Saturday, January 23, 2016

1979 Liberati Professional ( I should have walked away)

There is a term sometimes used when discussing
 old vehicles or objects, 'survivor', which is
pretty self explanatory, an unrestored example
in better than average condition, often with 
nice patina.
I think there should be another term, survived.
Which would mean, rough, but original and intact.
This is the exact state of this 1979 Liberati Professional
I have just unearthed.
From five feet, you might think, mmm not to bad...
but in reality, unless you where fully committed to a total 
restoration, this machine wouldn't be for you.
Luckily I am, well I am now.
Don't get me wrong, this really is a beautiful Italian
superbike, and what is coolest about it, is that this is 
exactly how it came built up from Cicli Literati in 1979.
Very pretty chrome panto lug's (nicely thinned), fork crown.
All the chrome on the frame will need lots of
linishing work and rechroming.
New cable eyes on the top tube will need to be brazed on.
 One of the things that I instantly liked about this bike, 
is that it isn't just all Super Record, 
it is a mixed gruppo in the finest
pre single groupset tradition.
 SR derailleurs and shifters of course, 
notice white high light in drop out triangle.
Universal CX brake set is nice.
Nicely sculptured Galli Chainset with Campagnolo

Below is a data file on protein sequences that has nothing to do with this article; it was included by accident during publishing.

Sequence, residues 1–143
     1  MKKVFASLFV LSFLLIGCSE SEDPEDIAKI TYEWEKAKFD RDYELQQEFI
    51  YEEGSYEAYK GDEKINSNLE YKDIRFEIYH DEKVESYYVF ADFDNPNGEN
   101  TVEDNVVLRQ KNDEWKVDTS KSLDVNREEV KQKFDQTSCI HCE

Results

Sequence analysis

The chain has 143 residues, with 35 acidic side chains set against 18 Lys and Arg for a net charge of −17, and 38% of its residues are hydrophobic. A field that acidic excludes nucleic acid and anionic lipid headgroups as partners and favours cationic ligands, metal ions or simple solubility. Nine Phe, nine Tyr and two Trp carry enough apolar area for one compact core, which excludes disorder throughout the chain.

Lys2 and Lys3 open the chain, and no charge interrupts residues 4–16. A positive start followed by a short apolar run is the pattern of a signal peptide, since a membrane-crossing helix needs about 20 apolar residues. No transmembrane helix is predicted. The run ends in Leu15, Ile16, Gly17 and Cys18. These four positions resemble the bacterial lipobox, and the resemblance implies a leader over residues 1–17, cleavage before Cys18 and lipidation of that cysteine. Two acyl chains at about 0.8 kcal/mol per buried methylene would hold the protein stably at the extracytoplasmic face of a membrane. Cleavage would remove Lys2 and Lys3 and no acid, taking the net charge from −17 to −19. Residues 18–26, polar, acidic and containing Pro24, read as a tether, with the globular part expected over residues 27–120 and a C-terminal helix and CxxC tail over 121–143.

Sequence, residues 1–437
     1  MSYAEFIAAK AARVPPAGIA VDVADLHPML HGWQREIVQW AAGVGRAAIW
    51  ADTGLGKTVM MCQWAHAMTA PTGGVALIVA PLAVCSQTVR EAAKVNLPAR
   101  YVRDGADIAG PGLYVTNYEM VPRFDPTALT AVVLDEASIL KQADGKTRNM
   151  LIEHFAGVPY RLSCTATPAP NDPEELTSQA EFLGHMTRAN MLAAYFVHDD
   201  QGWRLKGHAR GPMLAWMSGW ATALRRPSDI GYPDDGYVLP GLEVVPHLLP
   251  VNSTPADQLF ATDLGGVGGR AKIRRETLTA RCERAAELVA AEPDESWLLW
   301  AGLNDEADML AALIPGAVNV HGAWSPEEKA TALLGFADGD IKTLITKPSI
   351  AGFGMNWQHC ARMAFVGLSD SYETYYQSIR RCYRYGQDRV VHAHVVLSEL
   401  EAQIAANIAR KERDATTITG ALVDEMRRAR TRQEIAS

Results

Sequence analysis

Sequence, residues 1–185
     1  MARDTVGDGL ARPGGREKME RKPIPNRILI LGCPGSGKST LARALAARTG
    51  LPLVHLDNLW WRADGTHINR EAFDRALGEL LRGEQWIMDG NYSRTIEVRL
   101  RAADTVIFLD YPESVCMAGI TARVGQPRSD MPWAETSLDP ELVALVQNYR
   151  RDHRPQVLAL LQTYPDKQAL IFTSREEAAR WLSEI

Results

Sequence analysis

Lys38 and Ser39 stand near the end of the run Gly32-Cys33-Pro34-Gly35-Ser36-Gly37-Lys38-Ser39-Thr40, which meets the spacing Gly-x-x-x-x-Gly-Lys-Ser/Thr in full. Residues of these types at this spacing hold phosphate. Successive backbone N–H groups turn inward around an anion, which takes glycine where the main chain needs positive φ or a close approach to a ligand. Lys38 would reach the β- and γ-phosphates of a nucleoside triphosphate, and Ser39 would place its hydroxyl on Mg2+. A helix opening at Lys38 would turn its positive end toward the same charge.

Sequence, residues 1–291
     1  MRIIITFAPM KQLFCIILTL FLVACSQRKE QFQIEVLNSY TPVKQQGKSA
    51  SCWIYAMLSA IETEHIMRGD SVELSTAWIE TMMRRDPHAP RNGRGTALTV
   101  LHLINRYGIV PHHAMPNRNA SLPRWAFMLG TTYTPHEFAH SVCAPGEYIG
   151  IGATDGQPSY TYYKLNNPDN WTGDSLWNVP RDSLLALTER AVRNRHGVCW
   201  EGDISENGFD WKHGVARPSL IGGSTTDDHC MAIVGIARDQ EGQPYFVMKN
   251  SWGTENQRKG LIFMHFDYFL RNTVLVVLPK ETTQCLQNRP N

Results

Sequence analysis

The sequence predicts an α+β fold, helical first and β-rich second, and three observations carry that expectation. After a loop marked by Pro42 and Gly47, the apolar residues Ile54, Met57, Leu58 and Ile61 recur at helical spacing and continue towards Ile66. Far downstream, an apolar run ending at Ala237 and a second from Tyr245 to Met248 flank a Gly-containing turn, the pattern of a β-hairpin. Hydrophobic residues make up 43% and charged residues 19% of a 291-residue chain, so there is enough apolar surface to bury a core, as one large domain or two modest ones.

chain rings, plenty of lushous Italian 70's pantograph.
SR pedals with Fides super light record cages.

Cicl Liberati  shop, Tuscolano, Rome late 1950's.
More pantograph, SR seat pin.
3TTT bar set...more panto.
Primo Liberati and his wife Gabriella opened
Cicli Liberati in 1957.
Literati had been a enthusiastic amateur road man, 
so opening and cycle business was natural for him.
Apparently the Liberati brand was very active in supporting
amateur cycle racing clubs in Rome.
Unfortunately I can't seem to find much information
on the brand, however they are still operating,
so I will attempt to get some more history directly
from them.
Photo of the Liberati shop taken a couple of years back.
 The reason why I didn't walk away from this project.
I am pretty fussy about the seat cluster area, don't know
why, I just am.
This seat cluster is one of the nice ones, especially the
chrome seat binder, it's surprising you don't see this
more often, such a nice little finishing touch.

When I saw this machine, sitting right down the back 
dark corner of that old Italian guys garage, 
probably untouched for at lest 20 or more years.
 I thought, I know I shouldn't, but I
am going to restore this beautiful machine, it has 
survived, but probably not for much longer. 

I aim to have this one finished for next summer.
It will be a stunner.

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